Even watching Anthony Fantano, he’s like, “This is such garbage.” There’s a reaction where he starts laughing, that’s so beautiful to me, there’s something magical about that. Even though he doesn’t like it, he still knows exactly what it is. I commend Carti for taking the risk.

That’s crazy you made it two weeks before the album dropped. There was a long time between Die Litundefinedundefinedundefinedundefined and Whole Lotta Redundefinedundefinedundefinedundefined, I assumed you’d be waiting for ages for it to come out.

It’s not just him, for some of these dudes it really comes down to the 11th hour. In my experience, these artists are trying to outdo themselves, which I think is awesome, but it usually results in a lot of this music being made at the last second. It’s their freshest, most recent, best product.

He was in New York on December 2nd, that’s when I sent it. Two weeks later, they reached out to me saying it was on the album. I didn’t even believe it because you take things like that with a big grain of salt, especially with an album as anticipated as that. I literally didn’t know for sure it was on there until midnight on Christmas.

[Editor’s Note—Jasper Harris is not currently listed as a producer of “Vamp Anthem” on streaming services such as Spotify due to the last minute nature of the song. Harris told Genius he’s in the process of getting the credit fixed.]

Switching gears, how did you end up working with Lil Dicky on the musical score for FX’s DAVEundefinedundefined?

Halfway through my sophomore year at NYU, I met my now-managers, Sam and Mason. Sam and Mason are really close with Dave [Lil Dicky] and I’d be sending them beats for months for Dave. I met Dave and we started working on his album the whole summer.

At the end of the summer, I was set to go back to school but a week before Dave pulled me to the side and was like, “Yo, I’m working on this TV show and I’d really love for you to do the score.” We talked back and forth about how I can do it from school, and he was like, “I want you to finish college.” I was thinking, “I’m going to go back to college and try to do it from New York.”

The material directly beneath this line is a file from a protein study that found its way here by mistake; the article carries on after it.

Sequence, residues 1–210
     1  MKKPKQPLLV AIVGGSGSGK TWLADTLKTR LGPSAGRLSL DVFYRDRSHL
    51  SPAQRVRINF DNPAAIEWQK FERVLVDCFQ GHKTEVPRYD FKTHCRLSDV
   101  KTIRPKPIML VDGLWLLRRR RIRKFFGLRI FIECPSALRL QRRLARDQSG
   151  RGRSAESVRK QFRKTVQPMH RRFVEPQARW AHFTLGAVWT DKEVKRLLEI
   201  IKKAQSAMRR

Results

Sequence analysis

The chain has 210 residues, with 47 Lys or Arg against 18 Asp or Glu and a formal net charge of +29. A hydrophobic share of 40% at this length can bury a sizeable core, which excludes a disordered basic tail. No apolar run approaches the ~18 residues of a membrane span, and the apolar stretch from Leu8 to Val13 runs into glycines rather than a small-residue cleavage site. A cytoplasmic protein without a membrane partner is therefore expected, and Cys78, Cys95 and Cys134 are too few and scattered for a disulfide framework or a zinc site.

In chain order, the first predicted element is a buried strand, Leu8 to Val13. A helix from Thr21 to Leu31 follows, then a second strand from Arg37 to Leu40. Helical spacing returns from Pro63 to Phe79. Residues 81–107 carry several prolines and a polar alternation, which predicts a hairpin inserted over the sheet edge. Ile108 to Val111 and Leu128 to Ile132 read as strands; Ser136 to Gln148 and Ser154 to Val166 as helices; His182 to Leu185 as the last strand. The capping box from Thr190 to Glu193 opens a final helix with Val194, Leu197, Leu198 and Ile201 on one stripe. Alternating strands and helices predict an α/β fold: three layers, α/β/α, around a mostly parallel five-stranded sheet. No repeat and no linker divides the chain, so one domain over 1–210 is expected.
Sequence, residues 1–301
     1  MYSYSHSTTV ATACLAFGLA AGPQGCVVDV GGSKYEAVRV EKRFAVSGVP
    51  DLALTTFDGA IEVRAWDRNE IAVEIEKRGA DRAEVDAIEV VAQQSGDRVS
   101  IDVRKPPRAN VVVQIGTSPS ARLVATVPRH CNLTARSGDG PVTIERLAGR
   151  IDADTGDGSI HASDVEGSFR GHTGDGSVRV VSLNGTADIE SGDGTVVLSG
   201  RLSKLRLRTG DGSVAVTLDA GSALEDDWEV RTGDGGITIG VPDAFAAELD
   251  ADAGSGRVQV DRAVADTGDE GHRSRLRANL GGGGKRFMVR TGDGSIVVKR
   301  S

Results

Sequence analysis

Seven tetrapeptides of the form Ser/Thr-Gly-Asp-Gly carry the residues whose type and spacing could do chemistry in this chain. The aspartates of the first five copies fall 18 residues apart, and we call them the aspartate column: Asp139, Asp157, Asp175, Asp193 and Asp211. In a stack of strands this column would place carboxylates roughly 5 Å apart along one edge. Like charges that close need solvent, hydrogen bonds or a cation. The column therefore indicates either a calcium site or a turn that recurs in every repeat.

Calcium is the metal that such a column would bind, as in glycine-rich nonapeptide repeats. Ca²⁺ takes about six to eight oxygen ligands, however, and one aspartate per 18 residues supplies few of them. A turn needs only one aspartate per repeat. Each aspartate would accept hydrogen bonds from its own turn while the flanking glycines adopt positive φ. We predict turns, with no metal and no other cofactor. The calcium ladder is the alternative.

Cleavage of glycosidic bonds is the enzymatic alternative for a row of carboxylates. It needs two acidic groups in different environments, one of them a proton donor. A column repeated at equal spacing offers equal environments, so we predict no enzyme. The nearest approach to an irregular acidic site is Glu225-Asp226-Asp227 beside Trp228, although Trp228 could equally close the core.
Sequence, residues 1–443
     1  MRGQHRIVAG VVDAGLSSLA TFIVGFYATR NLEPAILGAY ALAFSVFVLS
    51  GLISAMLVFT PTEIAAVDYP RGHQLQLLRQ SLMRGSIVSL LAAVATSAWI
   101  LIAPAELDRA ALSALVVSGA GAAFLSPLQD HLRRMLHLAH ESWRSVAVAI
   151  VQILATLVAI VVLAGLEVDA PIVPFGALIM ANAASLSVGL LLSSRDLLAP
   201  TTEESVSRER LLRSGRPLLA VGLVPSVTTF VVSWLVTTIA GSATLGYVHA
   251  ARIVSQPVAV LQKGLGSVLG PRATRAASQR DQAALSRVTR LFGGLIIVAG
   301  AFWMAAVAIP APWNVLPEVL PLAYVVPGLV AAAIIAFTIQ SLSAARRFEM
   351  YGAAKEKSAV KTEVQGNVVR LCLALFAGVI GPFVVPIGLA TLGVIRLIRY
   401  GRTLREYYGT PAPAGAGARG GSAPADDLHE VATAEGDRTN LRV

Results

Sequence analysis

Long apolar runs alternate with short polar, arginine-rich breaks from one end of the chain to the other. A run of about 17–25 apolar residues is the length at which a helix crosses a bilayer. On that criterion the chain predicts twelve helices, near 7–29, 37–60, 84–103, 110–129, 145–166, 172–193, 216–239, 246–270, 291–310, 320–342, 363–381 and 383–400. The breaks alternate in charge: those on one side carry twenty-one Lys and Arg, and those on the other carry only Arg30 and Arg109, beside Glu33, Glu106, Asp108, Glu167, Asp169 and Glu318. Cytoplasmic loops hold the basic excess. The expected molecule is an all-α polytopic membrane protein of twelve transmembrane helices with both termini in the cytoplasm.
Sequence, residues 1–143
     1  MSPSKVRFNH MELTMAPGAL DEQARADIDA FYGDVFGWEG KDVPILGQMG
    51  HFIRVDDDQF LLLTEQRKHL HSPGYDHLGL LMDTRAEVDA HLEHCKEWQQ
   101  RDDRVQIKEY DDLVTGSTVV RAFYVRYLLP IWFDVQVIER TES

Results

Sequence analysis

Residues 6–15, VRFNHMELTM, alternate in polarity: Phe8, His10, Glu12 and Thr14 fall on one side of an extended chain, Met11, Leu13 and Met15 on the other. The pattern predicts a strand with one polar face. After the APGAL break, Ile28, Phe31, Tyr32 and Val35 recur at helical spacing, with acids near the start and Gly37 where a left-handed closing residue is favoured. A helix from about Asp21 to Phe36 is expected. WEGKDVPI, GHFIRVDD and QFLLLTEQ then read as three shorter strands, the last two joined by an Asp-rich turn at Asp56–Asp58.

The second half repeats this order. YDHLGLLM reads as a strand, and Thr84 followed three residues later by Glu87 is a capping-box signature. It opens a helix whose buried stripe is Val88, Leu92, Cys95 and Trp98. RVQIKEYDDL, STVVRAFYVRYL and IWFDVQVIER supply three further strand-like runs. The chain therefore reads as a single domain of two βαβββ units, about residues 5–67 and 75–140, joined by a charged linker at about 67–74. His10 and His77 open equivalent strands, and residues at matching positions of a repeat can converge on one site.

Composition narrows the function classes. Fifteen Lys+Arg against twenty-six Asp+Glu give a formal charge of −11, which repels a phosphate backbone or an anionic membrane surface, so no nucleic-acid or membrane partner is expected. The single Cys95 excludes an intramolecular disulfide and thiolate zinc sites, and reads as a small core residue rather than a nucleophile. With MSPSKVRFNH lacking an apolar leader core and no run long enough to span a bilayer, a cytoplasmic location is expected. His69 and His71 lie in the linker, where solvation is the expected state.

But a few days before I was about to go back to my junior year, Dave literally called my family and was like, “I changed my mind, I think Jasper should stay here and do the show.” We talked to my mum for like an hour about the whole thing. A few days before I was supposed to go back to school, I decided not to.

I’ll always be a composer and pianist before a producer.[object Object] — Jasper Harris

That was one of the best decisions I made because we did the score and I got to do music full time [in L.A.]. In the beginning, it was like a once in a lifetime thing, school will always be there. Now, it’s been 18 months and I’ll never go back to school. It was the best decision I made, I get to do what I love every day.

It was a great segue into scoring because it’s a hip-hop show, I already had tons of material that could work. There were a lot of moments that needed hip-hop loops and beats that I was familiar with making. But it was also a great opportunity for me to exercise my classical and compositional muscles.

I’ll always be a composer and pianist before a producer. It was really awesome to get to showcase that. There’s a piece I love that I did at the end of episode six, it’s the scene where [Lil Dicky] is on stage and it’s in slow motion, and he does this big performance where it’s playing a contemporary piano piece. So there were moments like that where I got to bring my own musical style to the table.

Photo by Cole Harrisundefinedundefinedundefinedundefined

In terms of the process, were you creating music as the show was being recorded, or was it all done beforehand?

I’d say half and half. When we started the process, the first three episodes had been done. I also want to acknowledge I did the score with two other guys who are incredible amazing producers, who I admire so deeply, Henry Kwapis and Jack Karaszewski. They really brought the score to a whole other level.

We would work out of Henry’s space. The first few episodes were already done, so we got to do those while they were done. But the rest they would turn in weekly, then we’d have to turn in an episode once a week. It’s such a strict schedule, it’s super intense. Whereas hip-hop, I can wake up and do anything I want and be on my own time. TV you’re on someone else’s time.

We wouldn’t have been able to do it if Dave had not been there. Dave was there for every scoring session, every single one, he would go from editing from 7AM to 5PM and then he would hop in a car and come over to us and sit with us until midnight, one in the morning. Dave is the biggest perfectionist I know, his whole motto is “No stone unturned.” We would sit there and perfect it, 50 ideas for the same scene, it was an intense process.

You’ve worked successfully with a lot of other producers, what are some things you look for in a good collaborator?

To a lot of producers, it’s who can place this for me. That’s good in a sense, I guess, but the indication for a good collaborator to me is someone who elevates my sound. I work a lot with this producer Alex Bak, he’s like one of my partners in crime, everything he does elevates what I do. Sometimes I’ll just send him a piano idea and he’ll send it back stretched out all weird and colorful with all these textures.

I work a lot with these guys called FnZ, they’re so awesome, and their sound design is amazing. When we pair my melodic stuff with their sound design, it comes together really cool. I work a lot with this guy Jahnei Clarke, we have amazing drum chemistry, every time he finds the perfect bounce for my stuff to where I can press play for anybody and they’ll feel it. Those guys are also my friends. My best collaborators are the people I talk to everyday.